Gorkhi Terelj National Park, UlaanBaatar – ~250km
Mongolia – done.
Ticked off the final points… rode into Gerkhi Terelj National Park, rode around a heap, saw the “Turtle Rock”, dithered about whether to stay in the park, or sleep next to the ridiculous giant Ghenghis Khan statue… eventually opted for staying in the part – as it was really the most interesting/scenic landscape I’d seen for some time. (Steppes/desert are great, for a short time… but seeing something new was enervating). The entire park was hills and rock formations… quite cool after so long in the steppes.
Checked into a ger camp – for one last night sleeping in a yurt… and proceeded to drink beers in the last of the evening sun. Drank too many, and had to go to sleep without fully appreciating the night’s gimmick of “traditional Mongolian music”. The place I stayed at was obviously geared toward South Korean tour groups, and I figured I wasn’t going to see too much of anything authentic anyway.
Next morning – used my camp frying pan for the first time – to fill with soapy water, and give a cursory wash of the bike, to make it look just that slightly better. The lady who’d hired it wanted it back “as good as new”… and I figured that if at least the entire thing wasn’t covered in mud, that would be a decent goodwill measure.
Then – off to see that stupidly big silver monstrosity – the 40m high stainless steel statue of Chinggis on his horse. I kept expecting to see this shining monster on the horizon, but it only came into sight reasonably close. As big as it is… my first impression was “yeah, that’s a big hoss and Khan”, but the second impression was “not as big as I’d expected”.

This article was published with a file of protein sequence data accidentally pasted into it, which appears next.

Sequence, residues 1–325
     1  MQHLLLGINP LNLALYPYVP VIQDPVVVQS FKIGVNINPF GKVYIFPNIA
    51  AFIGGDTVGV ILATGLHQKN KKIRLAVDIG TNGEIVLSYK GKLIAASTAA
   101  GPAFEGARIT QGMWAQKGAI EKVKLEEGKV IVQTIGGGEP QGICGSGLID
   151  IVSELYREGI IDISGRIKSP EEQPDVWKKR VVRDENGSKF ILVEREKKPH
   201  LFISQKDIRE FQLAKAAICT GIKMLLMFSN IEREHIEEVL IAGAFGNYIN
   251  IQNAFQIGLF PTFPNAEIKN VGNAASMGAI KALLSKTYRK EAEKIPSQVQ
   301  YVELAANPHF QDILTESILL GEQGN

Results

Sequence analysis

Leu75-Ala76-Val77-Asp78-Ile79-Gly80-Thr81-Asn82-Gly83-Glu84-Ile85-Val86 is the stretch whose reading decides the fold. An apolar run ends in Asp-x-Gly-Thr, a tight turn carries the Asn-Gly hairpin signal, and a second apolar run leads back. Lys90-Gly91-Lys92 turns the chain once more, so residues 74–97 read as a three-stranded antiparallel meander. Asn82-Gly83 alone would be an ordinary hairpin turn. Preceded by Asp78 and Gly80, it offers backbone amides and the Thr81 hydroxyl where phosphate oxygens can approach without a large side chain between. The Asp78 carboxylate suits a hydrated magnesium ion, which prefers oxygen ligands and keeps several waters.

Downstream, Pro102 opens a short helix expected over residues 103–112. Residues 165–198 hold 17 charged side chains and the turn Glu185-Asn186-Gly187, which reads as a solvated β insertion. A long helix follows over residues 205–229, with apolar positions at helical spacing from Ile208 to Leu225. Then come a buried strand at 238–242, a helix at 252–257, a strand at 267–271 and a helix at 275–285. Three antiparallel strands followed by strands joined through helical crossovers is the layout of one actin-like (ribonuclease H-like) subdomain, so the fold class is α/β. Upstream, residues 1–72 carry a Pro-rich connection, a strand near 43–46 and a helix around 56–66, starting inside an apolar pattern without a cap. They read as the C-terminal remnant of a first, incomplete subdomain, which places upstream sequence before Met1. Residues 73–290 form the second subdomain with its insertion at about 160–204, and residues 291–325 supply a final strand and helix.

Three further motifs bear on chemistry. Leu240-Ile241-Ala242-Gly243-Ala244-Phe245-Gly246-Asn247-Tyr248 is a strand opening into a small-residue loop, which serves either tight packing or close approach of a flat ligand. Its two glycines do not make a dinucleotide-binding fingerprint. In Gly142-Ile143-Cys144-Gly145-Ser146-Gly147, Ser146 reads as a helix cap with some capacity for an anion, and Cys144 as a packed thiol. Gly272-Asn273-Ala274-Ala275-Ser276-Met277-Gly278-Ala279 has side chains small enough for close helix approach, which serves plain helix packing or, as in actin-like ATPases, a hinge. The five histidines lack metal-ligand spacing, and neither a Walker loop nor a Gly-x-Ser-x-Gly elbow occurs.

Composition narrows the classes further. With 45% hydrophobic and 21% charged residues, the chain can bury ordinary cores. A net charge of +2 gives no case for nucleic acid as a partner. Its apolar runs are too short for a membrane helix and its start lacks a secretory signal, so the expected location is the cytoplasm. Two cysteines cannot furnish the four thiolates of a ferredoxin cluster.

Had a look around the inside of it… including a very large boot – 9m high.
Possibly the most interesting thing about the whole thing – was looking at the original plans for the entire statue/complex. It’s supposed to be a massive theme park, with the silver statue just the centre-piece. Privately owned/built – this thing is supposed to be surrounded by 200 yurts – hotels, souvenir shops, other edifices… 10 years later, the statue is surrounded by about a dozen gers, and the steps up to it are already falling apart.
But – still impressive… although I have my doubts as to the condition it will all be in 10 years from now.
After visiting the “Biggest Equestrian Statue… IN THE WORLD!” – it was time to drop the bike off.
I pointed out the 7 pieces which had fallen off, and there were no objections to giving my deposit (passport) back. In fact, the nice lady (much nicer, and less flustered, than when I’d picked it up) – gave me a cold beer to enjoy while I repacked everything from the useless panniers, and waited for a taxi.
So, finally, back to UlaanBaatar, to kill a couple of days. The sheer number of people here (which isn’t much) – is a little scary after 24 days of wide open extremely isolated spaces.